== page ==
Simchat Torah

Data/Images/simchat_torah_s.jpgSimchat Torah is a component of the Biblical Jewish holiday of Shemini Atzeret ("Eighth Day of Assembly"), which follows immediately after the festival of Sukkot in the month of Tishrei. Simchat Torah or Simhath Torah (also Simkhes Toreh, Hebrew: שִׂמְחַת תורָה, lit., "Rejoicing with/of the Torah,") is a celebration marking the conclusion of the annual cycle of public Torah readings, and the beginning of a new cycle.

The Simchat Torah festivities begin with the evening service. All the synagogue's Torah scrolls are removed from the ark and are carried around the sanctuary in a series of seven hakafot (circuits). Although each hakafa need only encompass one circuit around the synagogue, the dancing and singing with the Torah often continues much longer, and may overflow from the synagogue onto the streets.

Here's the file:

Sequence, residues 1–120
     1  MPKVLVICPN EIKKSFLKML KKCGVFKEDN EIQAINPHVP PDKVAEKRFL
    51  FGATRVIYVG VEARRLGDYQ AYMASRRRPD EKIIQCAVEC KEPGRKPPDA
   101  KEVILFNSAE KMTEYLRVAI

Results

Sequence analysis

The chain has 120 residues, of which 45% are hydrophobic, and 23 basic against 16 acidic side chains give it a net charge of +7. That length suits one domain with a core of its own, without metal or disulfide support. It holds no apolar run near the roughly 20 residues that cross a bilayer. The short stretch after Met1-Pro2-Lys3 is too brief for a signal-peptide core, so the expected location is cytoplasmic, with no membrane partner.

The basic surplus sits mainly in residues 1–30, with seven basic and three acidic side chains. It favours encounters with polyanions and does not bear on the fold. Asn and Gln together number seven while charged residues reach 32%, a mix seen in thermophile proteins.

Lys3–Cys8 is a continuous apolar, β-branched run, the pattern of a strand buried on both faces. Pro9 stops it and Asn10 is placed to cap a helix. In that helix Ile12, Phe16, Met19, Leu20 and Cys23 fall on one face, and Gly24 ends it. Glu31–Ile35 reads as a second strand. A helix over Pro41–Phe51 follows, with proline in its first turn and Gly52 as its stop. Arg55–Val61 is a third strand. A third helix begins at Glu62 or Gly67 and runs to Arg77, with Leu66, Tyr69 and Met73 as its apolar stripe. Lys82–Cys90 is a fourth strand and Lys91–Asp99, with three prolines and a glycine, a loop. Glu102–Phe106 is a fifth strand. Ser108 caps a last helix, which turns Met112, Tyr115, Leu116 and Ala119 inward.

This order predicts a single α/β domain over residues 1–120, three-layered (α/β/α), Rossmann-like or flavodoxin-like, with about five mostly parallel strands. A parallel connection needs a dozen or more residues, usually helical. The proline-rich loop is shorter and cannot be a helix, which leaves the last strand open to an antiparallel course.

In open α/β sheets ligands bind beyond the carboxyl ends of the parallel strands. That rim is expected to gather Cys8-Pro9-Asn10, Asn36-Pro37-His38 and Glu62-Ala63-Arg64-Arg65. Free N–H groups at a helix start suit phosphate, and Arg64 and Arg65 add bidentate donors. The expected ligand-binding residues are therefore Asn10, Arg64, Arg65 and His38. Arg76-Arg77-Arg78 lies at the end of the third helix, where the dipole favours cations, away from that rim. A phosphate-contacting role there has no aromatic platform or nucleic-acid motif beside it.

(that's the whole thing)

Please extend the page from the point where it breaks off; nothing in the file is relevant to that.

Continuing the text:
In the 20th century, Simchat Torah came to symbolize the public assertion of Jewish identity.

Since Simchas Torah is a celebration of the Torah, songs regarding the greatness of Torah and the Jews' relationship with the Torah are generally sung.

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